660 photos

Like Murray I've worked on electric and hybrid vehicle packs on and off for over 20 years. I'm currently designing a new BMS and battery pack for a hybrid electric vehicle.

I've always called them contactors too. If the design is right then none of the contactors, isolators, pre-charge relays and the like should need cooling. The exception would be the pre-charge and/or discharge resistors. The power dissipation in these is transitory, so bolting to a metal surface should suffice. But be careful, a lot of power resistors have very poor overload characteristics. As for the batteries Murray is right. I've never seen or designed any packs with anything other than simple forced air cooling. However, you need a decent fan that will work against back pressure. Computer style fans are useless; you really need a centrifugal fan. The trick is to get the air to flow where you want it, over the batteries and nowhere else. It's not that difficult but requires attention to detail as air is pretty fluid (!) and will take the path of least resistance whether you intend it or not.

It would be useful to have an idea of what battery chemistry and volts/amps range you are working with.

Andrew

Danny M2Z10/05/2015 02:30:04
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892 forum posts
283 photos

G'day.

As you are racing your car, the design of a low drag cooling system would be worth investigating.

Have a look at this site for some ideas on low drag cooling system principles. **LINK**

I used these principles when re-designing the engine cowling on a racing model and gained an increase of 7% more airspeed with increased engine reliability (less plug changes) due to the improvement in cylinder head cooling.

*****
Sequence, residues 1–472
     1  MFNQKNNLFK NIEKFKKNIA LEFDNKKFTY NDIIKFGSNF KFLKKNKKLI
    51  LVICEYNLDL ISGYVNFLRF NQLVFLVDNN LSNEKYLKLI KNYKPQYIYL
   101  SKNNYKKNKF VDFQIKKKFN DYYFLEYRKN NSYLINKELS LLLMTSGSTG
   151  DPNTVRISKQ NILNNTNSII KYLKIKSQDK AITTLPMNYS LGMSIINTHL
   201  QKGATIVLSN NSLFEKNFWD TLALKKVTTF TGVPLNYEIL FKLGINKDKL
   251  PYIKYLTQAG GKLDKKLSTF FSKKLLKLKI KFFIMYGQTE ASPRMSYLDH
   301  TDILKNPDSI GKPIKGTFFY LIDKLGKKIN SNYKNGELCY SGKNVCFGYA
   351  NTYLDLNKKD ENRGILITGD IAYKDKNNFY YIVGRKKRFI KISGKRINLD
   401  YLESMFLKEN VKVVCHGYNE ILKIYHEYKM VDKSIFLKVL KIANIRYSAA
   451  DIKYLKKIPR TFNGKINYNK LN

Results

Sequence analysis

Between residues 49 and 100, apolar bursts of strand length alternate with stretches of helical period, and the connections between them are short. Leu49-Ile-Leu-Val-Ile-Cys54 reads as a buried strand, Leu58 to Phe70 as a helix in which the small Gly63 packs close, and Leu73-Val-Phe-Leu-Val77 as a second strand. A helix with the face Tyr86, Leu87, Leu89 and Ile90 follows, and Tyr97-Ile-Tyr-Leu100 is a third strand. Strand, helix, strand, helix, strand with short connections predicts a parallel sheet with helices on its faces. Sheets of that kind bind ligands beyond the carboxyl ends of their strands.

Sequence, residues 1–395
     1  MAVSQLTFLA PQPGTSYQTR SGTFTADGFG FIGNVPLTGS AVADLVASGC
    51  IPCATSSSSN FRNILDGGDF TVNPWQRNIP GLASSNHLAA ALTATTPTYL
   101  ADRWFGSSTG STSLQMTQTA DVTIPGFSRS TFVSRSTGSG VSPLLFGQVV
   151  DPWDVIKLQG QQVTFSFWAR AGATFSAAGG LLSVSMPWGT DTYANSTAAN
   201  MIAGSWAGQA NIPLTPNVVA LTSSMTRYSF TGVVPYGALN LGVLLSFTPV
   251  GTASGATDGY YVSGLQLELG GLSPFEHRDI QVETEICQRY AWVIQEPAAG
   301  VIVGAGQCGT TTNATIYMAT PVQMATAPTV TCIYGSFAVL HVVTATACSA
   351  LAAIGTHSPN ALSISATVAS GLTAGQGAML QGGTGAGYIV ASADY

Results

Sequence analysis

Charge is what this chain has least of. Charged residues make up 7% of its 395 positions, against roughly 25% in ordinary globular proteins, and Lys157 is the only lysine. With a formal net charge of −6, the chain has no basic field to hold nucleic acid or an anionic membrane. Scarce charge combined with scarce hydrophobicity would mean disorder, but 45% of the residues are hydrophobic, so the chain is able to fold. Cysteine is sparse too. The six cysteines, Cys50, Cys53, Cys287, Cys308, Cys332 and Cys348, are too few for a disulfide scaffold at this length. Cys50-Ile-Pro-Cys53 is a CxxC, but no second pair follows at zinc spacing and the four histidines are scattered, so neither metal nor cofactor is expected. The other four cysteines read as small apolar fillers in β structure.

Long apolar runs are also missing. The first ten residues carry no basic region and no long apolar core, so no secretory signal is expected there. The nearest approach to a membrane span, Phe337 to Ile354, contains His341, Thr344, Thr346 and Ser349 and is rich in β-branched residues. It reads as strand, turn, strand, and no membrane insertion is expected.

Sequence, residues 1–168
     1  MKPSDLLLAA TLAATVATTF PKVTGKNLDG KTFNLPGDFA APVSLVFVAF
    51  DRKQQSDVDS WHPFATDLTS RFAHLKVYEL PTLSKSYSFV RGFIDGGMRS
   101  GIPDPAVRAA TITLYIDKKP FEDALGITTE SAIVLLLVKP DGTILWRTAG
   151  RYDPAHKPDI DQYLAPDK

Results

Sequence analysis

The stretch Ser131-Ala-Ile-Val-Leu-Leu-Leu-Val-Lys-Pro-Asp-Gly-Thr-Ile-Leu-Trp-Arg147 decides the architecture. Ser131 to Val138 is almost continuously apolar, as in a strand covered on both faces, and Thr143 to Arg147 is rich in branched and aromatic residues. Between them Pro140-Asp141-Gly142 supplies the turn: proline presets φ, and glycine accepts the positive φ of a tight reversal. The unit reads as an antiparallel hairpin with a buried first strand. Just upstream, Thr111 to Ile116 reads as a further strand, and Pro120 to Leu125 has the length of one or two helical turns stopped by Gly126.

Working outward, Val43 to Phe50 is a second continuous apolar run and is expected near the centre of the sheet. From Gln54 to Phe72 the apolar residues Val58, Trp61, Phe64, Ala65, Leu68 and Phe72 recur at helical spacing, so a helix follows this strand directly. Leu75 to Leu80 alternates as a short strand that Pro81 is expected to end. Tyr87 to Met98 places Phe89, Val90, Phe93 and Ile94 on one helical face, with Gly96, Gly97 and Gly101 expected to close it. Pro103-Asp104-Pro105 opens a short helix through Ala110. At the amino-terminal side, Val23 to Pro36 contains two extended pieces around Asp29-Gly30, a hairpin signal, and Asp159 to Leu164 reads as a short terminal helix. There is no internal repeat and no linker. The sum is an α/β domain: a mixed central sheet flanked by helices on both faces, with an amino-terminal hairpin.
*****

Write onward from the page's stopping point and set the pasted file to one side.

I realise that you are cooling batteries, but the same principles would apply - the efficient removal of heat with minimum drag increase.

* Danny M *

Johnboy2510/05/2015 07:51:41
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259 forum posts
3 photos

Jason.... I like the Glen Millar effect! It made me laugh! I can't understand what the obsession is about with valves I learnt my electronics on thermionic devices but still believe semiconductors are just as good. The only thing is that you can read the newspaper by the light from the heaters. 😉

John

Edited By Johnboy25 on 10/05/2015 07:52:47

Michael Gilligan10/05/2015 08:42:17
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16637 forum posts
724 photos
Posted by Johnboy25 on 10/05/2015 07:51:41:

... I can't understand what the obsession is about with valves I learnt my electronics on thermionic devices but still believe semiconductors are just as good.

.

It's the behaviour in over-drive conditions ... Valves produce mostly even harmonics when over-driven, and the distortion is therefore inoffensive [and may improve the perceived sound].

Despite the many attempts at producing 'soft clipping' in semiconductor circuits: Over-driven semiconductors produce all the harmonics and tend to a square wave output ... this is offensive to the ears, and damaging to equipment. [e.g. many a blown tweeter]

MichaelG.